• Are there any legal arguments that support a strategy of filing a PERM application only with proof of having requested a NPWC prevailing wage determination (i.e., proof of having filed ETA Form 9141)? For example:
    • Can it be argued that that despite DOL’s human-resource-based argument for suspending NPWC prevailing wage processing, it nevertheless has a legal duty to process requests for prevailing wage determinations?
    • Can it be argued that if DOL has the administrative authority to suspend NPWC processing, that it also has the administrative discretion to temporarily accept the filing of PERM applications lacking a NPWC wage determination that only DOL can provide?
    • Can it be argued that the regulations specifically require only that the employer request a NPWC determination [20 CFR 656.40(a)], and that although in order to use the determination the PERM application has to be filed during the NPWC PWD’s validity period [20 CFR 656.40(c)], DOL has the authority to issue a PWD post-filing, with a validity period "start date" that precedes the determination date? Along this same line of reasoning, can it be argued that DOL has the discretion to issue a PWD to cover any period between 90 days and 1 year, provided that the entire period is covered by the same source of wage data (e.g., the OES). For example, could DOL issue PWDs with a standardized start date that represents the date they first suspended processing (e.g., "June 15, 2011"), with an end date of 1 year afterwards, or the date that new OES data becomes available, whichever is sooner?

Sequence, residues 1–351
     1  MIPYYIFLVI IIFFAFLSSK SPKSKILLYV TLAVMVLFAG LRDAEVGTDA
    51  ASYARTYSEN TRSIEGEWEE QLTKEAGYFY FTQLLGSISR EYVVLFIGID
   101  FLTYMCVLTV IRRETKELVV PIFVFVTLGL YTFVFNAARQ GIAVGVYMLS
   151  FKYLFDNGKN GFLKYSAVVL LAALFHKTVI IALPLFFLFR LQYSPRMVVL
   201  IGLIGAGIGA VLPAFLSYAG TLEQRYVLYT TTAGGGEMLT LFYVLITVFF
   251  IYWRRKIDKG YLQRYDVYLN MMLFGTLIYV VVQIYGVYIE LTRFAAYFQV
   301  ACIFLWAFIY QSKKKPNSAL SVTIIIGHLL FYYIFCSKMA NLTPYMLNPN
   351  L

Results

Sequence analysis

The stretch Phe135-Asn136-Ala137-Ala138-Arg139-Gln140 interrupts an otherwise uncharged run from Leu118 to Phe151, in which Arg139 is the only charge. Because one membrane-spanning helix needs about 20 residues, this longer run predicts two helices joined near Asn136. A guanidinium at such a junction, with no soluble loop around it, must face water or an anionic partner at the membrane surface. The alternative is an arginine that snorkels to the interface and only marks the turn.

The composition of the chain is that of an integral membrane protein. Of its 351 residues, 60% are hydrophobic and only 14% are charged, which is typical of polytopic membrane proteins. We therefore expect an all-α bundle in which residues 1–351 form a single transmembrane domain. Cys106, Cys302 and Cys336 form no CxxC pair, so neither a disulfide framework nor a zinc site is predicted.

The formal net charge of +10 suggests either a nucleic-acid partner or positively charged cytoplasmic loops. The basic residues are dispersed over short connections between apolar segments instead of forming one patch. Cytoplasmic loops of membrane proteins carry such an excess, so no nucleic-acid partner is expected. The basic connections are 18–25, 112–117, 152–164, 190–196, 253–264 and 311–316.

NAFSA cannot provide legal advice. Although NAFSA is following up with DOL to discuss factors and alternative interpretations such as these, currently the best strategy is to thoroughly discuss options with experienced immigration counsel.